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Biography of Hon. Chester Pike

Hon. Chester Pike, a prominent citizen of Sullivan County, New Hampshire, residing in Cornish, his native town, was born July 30, 1829, son of Ebenezer and Judith (Bryant) Pike. On both his father’s and his mother’s side he is descended from distinguished ancestry, and from families that have been conspicuous, not only in the history of New Hampshire, but in the history of the nation. His grandfather Pike was born in Newbury, Mass., and came to Cornish in early manhood, the first of the name to settle here. He bought a farm and a mill on Blow-me-down Brook, and devoted himself to farming and to carrying on the mill. He married Mary Marcy, of Hartland, Vt.; and they had three children-Ebenezer, Chester (first), and Pliny. Chester, first, who never married, died in Northumberland when about thirty-five years of age. Pliny Pike was a farmer of Cornish, and died in that town at the age of seventy years. Ebenezer, father of the subject of this sketch, was born in Cornish in 1788, and died in 1862. After completing his studies at school, he purchased and carried on one of the largest stock-raising farms in the county, raising thoroughbred horses for the Boston market. With the exception of Mr. Wainwright, of Vermont, no one else of his time Mr. Ebenezer Pike was always alert to make a good bargain. He traded horses then as well as jack-knives and other boyish knickknacks, and this natural business ability was the foundation of his success in life. In politics he was a Whig, but was not ambitious for political honors, and did not meddle...

Mann, Socrates C. (Crate) – Obituary

“Crate” Mann Takes Own Life At Baker Home Socrates C. (Crate) Mann, committed suicide, by hanging, at his home, 1600 Sixth street, Baker, sometime during the afternoon Saturday of last week. The body was found hanging in the garage at six o’clock by Mrs. Mann who went in search of her husband when he failed to return to the house at that time in the evening. Report of the tragedy came as a shock to North Powder people who had known the deceased for years. “Crate” Mann had been a resident of this section for fifty years, coming to this country from his former home at Plainfield, Vermont, at the age of 21. Without finances or other resources other than Yankee thrift and determination, in the fifty years, he accumulated property, mortgages and bonds valued at $200,000. He began life in eastern Oregon as a sheep herder. At the time of his death, he owned some of the best farms in this district and was regarded as one of the wealthiest men in the Powder River valley. Mr. Mann was born in Plainfield, Vermont, December 13, 1856 and came to Oregon in 1877. He worked for ranchers and stock men for a number of years. For several years, with his family, he made his home on his Wolf Creek ranch, now occupied by Leo Mann. Since 1909 he has made his home the greater part of the time in Baker. Discover your family's story. Enter a grandparent's name to get started. choose a state: Any AL AK AZ AR CA CO CT DE DC FL GA HI ID IL...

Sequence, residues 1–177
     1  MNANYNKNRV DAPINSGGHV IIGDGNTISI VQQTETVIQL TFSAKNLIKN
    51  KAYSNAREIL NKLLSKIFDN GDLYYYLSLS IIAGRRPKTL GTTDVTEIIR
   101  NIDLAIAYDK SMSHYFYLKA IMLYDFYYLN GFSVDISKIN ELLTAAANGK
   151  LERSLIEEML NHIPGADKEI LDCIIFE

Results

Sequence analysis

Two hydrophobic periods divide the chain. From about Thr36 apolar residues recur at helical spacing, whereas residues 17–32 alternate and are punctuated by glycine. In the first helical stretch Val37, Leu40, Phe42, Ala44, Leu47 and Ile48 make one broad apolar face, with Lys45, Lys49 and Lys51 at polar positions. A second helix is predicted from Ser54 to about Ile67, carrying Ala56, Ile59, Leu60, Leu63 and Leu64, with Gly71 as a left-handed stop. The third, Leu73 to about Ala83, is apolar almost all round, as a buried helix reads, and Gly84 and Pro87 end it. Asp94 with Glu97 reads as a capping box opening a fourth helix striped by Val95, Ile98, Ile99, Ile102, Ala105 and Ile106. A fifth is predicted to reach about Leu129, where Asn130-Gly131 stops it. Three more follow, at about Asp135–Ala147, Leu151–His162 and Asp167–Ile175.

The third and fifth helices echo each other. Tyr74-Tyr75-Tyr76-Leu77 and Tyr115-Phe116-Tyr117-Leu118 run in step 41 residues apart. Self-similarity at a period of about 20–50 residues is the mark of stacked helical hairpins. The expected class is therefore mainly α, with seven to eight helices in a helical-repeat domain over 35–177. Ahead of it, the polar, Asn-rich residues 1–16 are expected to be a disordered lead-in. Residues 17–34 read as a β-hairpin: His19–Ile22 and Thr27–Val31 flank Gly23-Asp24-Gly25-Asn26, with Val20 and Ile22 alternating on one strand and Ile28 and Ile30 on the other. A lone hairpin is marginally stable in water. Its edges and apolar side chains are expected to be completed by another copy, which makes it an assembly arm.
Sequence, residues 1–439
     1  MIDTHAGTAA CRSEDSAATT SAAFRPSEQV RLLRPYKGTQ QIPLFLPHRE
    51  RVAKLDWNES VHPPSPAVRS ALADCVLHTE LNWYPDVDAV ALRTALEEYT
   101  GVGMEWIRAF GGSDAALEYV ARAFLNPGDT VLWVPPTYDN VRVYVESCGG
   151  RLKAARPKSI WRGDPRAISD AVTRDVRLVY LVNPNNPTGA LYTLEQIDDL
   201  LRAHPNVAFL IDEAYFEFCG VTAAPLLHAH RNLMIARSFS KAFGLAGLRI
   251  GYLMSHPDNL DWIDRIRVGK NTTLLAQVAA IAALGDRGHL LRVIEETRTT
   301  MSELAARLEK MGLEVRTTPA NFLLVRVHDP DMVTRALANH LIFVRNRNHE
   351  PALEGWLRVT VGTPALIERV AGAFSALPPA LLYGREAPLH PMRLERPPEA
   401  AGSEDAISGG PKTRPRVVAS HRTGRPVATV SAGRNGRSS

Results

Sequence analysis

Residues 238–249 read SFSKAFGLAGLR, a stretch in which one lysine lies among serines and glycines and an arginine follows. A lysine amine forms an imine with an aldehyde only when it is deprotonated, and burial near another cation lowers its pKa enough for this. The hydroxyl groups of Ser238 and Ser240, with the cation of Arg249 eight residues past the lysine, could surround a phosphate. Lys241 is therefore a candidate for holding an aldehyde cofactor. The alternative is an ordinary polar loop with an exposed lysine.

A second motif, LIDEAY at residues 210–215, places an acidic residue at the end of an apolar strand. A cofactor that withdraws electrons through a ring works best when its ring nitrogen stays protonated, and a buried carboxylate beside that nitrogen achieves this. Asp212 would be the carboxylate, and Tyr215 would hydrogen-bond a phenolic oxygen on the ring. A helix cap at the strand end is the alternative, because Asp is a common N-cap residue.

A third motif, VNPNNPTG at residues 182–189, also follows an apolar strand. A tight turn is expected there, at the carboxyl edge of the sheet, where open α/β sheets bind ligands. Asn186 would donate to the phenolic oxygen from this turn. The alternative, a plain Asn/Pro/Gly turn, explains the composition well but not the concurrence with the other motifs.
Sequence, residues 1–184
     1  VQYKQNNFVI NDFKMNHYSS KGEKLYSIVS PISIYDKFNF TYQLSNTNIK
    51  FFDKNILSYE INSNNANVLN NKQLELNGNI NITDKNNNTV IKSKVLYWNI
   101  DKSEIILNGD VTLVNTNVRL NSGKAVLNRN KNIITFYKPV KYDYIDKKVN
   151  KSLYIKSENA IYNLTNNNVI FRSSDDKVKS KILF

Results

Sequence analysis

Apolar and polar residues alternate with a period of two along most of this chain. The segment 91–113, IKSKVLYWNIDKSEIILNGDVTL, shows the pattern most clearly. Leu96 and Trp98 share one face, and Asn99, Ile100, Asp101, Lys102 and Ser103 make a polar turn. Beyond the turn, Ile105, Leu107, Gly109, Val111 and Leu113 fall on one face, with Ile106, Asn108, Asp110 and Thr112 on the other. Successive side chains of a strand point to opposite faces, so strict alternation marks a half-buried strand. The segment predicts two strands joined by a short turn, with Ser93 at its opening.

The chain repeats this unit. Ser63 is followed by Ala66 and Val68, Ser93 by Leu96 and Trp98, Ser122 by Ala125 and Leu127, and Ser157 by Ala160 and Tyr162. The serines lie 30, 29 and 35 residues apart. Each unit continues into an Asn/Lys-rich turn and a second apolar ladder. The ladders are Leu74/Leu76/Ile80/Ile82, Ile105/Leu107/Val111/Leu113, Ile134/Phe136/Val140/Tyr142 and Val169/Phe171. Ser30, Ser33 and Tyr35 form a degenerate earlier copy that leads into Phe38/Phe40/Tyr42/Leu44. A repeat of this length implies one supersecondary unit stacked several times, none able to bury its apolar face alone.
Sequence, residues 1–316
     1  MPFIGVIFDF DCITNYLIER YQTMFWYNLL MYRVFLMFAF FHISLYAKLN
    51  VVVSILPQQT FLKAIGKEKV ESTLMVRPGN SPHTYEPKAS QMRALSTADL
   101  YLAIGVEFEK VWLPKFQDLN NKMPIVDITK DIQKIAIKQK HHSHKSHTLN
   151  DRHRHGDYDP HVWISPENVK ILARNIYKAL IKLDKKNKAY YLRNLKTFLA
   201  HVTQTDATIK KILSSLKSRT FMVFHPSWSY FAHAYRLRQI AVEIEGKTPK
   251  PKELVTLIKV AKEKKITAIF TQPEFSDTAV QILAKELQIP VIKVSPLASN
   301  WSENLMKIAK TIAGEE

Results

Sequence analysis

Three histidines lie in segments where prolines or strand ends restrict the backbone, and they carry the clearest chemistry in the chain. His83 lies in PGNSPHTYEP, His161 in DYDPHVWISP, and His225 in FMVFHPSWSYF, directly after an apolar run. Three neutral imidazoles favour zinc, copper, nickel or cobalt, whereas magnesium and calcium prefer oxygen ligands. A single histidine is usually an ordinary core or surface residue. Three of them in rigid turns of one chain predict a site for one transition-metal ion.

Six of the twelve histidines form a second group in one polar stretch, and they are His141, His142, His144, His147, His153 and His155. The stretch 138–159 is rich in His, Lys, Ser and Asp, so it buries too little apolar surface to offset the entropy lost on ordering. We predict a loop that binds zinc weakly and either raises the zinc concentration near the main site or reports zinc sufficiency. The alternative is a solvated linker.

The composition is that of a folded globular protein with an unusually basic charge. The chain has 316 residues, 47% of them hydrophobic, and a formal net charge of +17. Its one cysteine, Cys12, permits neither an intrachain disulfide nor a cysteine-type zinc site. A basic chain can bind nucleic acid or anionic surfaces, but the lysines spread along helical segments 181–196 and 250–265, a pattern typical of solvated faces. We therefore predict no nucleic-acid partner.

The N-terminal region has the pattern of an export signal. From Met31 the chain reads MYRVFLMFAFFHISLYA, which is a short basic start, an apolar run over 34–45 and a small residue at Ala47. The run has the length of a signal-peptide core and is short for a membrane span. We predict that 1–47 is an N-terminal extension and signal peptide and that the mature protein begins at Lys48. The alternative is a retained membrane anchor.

Biographical Sketch of Benjamin F. Morse

Benjamin F. Morse was born in Barre, Vt., in 1828, and came to Elmore from Plainfield, Vt., in 1852, and located upon the farm he now occupies, on road 28. His house, erected in 1853, was the second frame house built in the eastern part of the town. Mr. Morse has been married three times, and is one of the prominent men of the...

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